The traveling exhibition, America's Heritage: A History of U.S. Immigration, provides a comprehensive overview of American immigration history and laws.
The exhibit examines centuries of immigration to the U.S., starting with the colonial period. Each of twelve easy-to-install panels describes the social and economic conditions of a particular period and the ensuing laws that were enacted to regulate entry into the United States. The exhibit explains, for example, how the Naturalization Act of 1795 and the Alien and Sedition Acts of 1789 were the first public laws to restrict immigration to the new nation. The exhibit also explores European immigration and its impact on American economic prosperity in the latter half of the 1800s.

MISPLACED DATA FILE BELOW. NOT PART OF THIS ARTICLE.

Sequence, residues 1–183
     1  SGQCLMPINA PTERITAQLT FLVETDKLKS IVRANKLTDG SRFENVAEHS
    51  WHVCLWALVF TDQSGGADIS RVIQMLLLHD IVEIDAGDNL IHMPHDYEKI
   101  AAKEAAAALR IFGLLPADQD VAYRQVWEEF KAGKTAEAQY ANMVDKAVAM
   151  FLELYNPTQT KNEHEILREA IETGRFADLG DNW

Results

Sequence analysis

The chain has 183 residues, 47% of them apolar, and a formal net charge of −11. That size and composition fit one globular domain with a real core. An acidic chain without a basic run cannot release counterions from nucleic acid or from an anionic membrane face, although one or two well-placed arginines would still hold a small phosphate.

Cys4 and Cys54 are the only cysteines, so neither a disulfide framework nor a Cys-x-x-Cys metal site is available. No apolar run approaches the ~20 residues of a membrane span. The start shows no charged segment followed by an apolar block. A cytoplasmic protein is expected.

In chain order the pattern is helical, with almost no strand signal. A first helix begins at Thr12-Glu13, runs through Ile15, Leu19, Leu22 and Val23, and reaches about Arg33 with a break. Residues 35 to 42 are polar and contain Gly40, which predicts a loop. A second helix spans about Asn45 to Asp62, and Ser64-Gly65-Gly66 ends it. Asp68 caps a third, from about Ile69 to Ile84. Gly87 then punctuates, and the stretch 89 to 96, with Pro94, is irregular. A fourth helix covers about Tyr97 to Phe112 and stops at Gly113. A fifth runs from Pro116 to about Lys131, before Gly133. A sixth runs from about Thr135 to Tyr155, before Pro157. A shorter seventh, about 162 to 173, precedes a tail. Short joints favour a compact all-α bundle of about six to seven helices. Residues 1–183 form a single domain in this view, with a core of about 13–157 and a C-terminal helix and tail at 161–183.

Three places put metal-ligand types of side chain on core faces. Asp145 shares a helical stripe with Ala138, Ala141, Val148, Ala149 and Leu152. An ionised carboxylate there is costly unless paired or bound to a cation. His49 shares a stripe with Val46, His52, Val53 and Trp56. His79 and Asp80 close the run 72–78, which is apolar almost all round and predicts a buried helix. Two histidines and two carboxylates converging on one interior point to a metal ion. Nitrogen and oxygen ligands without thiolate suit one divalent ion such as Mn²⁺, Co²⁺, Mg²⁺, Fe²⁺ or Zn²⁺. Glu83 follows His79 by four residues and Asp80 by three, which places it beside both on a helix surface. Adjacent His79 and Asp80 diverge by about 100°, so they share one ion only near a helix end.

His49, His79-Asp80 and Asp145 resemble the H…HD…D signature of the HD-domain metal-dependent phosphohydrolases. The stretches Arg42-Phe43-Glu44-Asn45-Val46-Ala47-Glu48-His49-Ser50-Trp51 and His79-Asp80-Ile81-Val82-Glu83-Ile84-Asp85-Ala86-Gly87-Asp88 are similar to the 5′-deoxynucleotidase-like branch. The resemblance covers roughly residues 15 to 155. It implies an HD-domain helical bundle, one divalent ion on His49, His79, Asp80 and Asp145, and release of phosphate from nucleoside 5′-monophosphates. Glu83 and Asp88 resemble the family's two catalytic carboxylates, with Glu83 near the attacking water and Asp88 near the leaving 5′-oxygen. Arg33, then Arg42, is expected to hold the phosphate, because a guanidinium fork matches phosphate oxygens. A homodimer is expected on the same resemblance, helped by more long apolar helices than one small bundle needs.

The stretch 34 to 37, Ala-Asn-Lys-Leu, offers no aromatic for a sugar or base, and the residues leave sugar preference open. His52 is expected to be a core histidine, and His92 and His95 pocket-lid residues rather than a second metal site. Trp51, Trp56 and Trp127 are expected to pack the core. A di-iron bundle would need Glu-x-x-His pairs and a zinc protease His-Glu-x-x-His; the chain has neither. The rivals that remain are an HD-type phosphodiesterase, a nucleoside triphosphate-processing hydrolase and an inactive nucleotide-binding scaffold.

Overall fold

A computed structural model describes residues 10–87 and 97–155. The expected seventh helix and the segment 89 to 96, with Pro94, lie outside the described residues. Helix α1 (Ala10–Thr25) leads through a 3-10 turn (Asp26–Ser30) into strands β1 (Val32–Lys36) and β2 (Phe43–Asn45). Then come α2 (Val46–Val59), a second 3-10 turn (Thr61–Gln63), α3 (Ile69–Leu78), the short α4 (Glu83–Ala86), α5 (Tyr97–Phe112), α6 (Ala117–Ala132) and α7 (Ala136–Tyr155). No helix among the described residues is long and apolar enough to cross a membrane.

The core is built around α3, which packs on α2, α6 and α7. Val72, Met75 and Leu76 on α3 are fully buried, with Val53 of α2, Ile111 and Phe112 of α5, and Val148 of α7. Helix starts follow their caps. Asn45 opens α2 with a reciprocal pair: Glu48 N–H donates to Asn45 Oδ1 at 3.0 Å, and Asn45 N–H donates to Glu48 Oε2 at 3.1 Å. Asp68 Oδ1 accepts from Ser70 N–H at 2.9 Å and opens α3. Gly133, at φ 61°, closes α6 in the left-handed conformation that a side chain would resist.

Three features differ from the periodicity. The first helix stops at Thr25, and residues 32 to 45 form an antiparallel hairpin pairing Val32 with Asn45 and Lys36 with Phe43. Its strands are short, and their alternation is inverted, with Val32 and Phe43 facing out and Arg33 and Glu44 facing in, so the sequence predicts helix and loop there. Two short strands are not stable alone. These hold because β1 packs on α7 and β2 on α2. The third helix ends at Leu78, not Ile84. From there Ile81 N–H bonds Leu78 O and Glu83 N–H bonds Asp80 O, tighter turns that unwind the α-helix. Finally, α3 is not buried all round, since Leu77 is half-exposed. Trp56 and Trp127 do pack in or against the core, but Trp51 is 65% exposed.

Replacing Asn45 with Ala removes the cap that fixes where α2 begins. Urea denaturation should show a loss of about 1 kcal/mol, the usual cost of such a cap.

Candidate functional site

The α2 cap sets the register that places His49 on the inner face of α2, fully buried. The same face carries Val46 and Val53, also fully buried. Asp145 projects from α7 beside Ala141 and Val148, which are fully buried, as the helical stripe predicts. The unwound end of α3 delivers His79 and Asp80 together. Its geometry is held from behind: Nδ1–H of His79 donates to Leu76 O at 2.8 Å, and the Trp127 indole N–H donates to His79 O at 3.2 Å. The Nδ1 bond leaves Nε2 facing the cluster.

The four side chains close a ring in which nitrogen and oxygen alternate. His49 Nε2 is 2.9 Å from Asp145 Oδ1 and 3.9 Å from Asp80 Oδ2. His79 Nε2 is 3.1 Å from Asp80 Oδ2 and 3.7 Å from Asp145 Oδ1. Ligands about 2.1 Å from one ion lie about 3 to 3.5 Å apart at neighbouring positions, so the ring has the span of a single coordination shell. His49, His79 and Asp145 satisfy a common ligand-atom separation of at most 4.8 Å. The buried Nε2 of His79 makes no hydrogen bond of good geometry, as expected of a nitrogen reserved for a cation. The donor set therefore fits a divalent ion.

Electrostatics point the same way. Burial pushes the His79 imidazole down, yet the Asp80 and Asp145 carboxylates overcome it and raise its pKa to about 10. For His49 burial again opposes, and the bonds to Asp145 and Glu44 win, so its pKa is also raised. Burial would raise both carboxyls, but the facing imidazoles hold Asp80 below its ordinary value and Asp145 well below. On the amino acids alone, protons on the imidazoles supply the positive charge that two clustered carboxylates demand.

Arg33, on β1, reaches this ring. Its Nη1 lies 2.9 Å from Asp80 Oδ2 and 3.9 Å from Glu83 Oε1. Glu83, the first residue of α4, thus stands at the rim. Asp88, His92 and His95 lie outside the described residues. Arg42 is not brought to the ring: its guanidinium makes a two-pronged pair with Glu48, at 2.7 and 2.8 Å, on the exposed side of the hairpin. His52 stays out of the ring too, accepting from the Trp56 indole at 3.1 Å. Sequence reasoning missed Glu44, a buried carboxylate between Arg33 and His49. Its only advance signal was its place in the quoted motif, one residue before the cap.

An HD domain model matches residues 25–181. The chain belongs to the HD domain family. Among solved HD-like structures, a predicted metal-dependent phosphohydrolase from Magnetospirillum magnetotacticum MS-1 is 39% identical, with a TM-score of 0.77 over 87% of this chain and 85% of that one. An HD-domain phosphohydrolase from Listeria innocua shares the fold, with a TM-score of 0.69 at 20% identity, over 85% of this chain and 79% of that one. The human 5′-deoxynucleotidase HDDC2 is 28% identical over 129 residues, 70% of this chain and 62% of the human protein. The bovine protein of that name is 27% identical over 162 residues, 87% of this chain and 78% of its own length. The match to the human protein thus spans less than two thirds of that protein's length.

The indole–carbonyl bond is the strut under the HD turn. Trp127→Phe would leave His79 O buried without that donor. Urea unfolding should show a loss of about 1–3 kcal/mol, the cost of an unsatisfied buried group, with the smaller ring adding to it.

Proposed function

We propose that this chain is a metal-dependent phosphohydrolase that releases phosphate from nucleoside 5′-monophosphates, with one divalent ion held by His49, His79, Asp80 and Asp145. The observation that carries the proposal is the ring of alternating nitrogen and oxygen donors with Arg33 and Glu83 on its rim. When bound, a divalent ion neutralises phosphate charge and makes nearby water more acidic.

Other critical periods are highlighted, including the rise of the Know Nothing Party, the Red Scare of the 1950s, the 1965 Immigration and Nationality Act that finally abolished national origin quotas, and the changes of the 1990s that revised employment-based categories for immigration and placed severe restrictions on the rights of immigrants. This story of U.S. immigration law and policy is told through vintage photographs, accompanying text, and instructive timelines.
The American Immigration Law Foundation is making this exhibit available free of charge to small museums, public libraries, civic and community centers, associations, and other institutions. Through this traveling exhibit, we hope institutions nationwide can bring the history and lessons of U.S. immigration into their communities.